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final long to byte ..why not...?

Prashant Neginahal
Ranch Hand

Joined: Dec 04, 2002
Posts: 76
Hi All,
i have one doubt ,
final int x=10;
byte b=x; --> is possible.But,
final long m=10;
byte b1=m; --> Gives error.Why ? can anybody explain me.?


--------------<br />Prashant<br />SCJP-91%
Hemal Mehta
Ranch Hand

Joined: Nov 16, 2000
Posts: 101
In the case of int it allows this value because the byte can accomodate a +ve value upto 127. Increase the value more than 127 and it will give you compilation error.
In case of long value it will complain of posible loss of precision as you are trying to convert a 64 bit long to a byte. Let me know if you still need clarification
Sarma Lolla
Ranch Hand

Joined: Oct 21, 2002
Posts: 203
Prashant Neginahal,
All these days I thought that a final long can be assigned to byte. But it seems it is not the case. Even a final long can't be assigned to int.
Dan Culache
Ranch Hand

Joined: Jan 24, 2003
Posts: 70
Sarma, you are right, I believe this is an inconsistency in the compiler behavior.
The compiler should check that the final "variable" is within the byte range and allow the assignment or not. It shouldn't matter if it's an int or a long, they are both way wider than byte anyway.
Actually I thought that the compiler is replacing every occurrence of a final field with its value.
Ambapali Pal
Ranch Hand

Joined: Dec 17, 2002
Posts: 47
Yeah, I dodnot know why but where ever only int type is allowed, it does not take any long even though it is final.
For another example switch statement which only allow int or anything which can be implicitly promoted to int.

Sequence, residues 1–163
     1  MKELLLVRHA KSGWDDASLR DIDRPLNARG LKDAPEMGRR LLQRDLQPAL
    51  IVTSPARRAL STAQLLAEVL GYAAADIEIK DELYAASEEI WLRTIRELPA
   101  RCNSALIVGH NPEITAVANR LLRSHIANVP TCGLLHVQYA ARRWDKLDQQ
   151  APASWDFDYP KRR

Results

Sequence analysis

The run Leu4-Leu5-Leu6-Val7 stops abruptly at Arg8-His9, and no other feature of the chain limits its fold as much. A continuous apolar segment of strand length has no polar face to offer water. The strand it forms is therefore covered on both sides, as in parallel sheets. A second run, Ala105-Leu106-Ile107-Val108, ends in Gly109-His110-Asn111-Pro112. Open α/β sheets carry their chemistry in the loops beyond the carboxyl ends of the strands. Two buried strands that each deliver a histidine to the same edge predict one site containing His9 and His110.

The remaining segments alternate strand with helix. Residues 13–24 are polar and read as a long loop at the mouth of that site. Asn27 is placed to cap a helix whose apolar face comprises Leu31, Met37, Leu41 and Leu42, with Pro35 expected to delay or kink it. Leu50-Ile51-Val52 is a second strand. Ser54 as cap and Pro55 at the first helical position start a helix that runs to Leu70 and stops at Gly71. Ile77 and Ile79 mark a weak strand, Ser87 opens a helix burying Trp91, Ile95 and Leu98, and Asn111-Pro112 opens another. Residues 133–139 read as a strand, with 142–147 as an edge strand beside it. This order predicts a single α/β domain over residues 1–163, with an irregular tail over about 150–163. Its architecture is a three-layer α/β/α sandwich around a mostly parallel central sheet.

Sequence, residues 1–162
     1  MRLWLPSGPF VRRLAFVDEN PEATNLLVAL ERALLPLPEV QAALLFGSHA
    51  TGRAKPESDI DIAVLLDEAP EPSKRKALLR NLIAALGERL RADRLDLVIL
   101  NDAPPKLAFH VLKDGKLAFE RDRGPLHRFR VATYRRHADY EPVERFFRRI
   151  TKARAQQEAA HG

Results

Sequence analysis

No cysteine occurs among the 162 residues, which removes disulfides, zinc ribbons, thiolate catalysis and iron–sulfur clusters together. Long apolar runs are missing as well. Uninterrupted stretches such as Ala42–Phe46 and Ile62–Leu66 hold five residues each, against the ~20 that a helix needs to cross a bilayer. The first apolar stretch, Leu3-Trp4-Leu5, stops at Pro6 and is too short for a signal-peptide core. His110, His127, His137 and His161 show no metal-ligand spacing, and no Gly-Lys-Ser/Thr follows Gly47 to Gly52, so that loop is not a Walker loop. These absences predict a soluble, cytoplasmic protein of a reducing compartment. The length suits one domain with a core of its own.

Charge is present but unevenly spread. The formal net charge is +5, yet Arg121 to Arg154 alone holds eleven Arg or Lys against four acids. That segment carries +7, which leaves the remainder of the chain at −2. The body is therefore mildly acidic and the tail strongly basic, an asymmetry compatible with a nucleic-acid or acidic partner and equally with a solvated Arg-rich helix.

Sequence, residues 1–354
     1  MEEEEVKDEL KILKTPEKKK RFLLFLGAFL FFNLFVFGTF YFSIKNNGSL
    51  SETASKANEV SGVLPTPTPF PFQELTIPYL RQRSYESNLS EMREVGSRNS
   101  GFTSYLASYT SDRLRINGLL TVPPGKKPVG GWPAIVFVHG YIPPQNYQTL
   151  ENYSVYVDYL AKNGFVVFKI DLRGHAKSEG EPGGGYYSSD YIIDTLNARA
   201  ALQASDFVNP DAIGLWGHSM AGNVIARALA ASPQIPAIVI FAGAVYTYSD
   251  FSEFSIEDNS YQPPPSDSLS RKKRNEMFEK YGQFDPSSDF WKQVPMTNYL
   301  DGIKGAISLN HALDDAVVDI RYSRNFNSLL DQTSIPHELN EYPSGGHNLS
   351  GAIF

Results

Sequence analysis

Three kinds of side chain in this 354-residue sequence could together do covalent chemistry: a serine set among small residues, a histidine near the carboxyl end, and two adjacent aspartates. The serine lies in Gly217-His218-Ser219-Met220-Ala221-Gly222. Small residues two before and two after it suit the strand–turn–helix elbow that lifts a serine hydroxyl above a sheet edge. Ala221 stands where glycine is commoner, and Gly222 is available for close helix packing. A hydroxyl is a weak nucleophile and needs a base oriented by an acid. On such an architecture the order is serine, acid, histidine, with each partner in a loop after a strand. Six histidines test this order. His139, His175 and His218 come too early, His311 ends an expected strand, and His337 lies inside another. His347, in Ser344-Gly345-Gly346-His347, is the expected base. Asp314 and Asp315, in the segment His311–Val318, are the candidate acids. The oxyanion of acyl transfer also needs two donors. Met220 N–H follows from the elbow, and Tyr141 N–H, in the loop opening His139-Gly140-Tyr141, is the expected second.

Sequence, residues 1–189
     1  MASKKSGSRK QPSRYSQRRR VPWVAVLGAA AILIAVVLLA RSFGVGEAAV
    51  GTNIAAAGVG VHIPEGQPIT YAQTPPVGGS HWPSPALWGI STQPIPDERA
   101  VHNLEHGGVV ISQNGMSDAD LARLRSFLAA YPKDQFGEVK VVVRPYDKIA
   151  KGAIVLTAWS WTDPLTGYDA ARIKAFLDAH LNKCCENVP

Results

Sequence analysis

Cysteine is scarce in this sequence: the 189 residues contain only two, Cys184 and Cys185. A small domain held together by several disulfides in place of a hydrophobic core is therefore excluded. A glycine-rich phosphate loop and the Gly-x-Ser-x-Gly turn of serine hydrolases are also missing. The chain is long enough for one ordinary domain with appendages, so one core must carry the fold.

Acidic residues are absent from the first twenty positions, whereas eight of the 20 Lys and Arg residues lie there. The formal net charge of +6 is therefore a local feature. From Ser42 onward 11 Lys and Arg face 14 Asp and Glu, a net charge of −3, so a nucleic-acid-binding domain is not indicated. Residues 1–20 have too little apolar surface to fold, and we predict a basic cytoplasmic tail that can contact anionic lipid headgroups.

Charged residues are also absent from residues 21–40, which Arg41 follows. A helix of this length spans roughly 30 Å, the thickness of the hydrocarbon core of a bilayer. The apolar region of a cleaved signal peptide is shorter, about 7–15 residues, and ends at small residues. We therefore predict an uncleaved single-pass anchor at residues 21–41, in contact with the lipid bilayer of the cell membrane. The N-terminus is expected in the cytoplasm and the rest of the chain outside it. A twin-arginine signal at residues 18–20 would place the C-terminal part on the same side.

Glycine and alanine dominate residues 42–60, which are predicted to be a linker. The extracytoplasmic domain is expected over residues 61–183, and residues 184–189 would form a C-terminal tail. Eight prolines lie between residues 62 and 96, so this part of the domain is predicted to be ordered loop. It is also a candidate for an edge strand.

int i = 1;
final long b = 1;
switch(i){
case(b)://something
case 2:// something
}
OR
switch(b){
case 1://something
}
None of them compiles.
So I just take it granted that where only int is allowed, no final long or no long literal is allowed.
Hope I am correct.
Ambapali
Jose Botella
Ranch Hand

Joined: Jul 03, 2001
Posts: 2120
To know exactly what is allowed JLS 5.2

5.2 Assignment Conversion
Assignment conversion occurs when the value of an expression is assigned (�15.26) to a variable: the type of the expression must be converted to the type of the variable. Assignment contexts allow the use of an identity conversion (�5.1.1), a widening primitive conversion (�5.1.2), or a widening reference conversion (�5.1.4). In addition, a narrowing primitive conversion may be used if all of the following conditions are satisfied:
* The expression is a constant expression of type byte, short, char or int.
* The type of the variable is byte, short, or char.
* The value of the expression (which is known at compile time, because it is a constant expression) is representable in the type of the variable.
If the type of the expression cannot be converted to the type of the variable by a conversion permitted in an assignment context, then a compile-time error occurs.


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